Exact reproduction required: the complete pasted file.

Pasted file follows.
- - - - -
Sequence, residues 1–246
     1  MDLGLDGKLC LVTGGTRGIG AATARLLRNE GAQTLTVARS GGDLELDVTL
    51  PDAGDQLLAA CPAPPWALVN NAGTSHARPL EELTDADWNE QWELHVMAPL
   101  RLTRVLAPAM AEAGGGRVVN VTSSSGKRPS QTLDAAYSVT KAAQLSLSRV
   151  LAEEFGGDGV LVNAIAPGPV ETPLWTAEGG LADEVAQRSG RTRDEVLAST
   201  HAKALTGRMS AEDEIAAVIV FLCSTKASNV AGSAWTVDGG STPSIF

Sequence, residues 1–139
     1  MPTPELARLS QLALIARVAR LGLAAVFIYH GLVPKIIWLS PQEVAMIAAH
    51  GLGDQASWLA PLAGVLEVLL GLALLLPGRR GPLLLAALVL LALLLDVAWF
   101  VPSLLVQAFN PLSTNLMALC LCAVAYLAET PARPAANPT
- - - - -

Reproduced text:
Sequence, residues 1–246
     1  MDLGLDGKLC LVTGGTRGIG AATARLLRNE GAQTLTVARS GGDLELDVTL
    51  PDAGDQLLAA CPAPPWALVN NAGTSHARPL EELTDADWNE QWELHVMAPL
   101  RLTRVLAPAM AEAGGGRVVN VTSSSGKRPS QTLDAAYSVT KAAQLSLSRV
   151  LAEEFGGDGV LVNAIAPGPV ETPLWTAEGG LADEVAQRSG RTRDEVLAST
   201  HAKALTGRMS AEDEIAAVIV FLCSTKASNV AGSAWTVDGG STPSIF

Sequence, residues 1–139
     1  MPTPELARLS QLALIARVAR LGLAAVFIYH GLVPKIIWLS PQEVAMIAAH
    51  GLGDQASWLA PLAGVLEVLL GLALLLPGRR GPLLLAALVL LALLLDVAWF
   101  VPSLLVQAFN PLSTNLMALC LCAVAYLAET PARPAANPT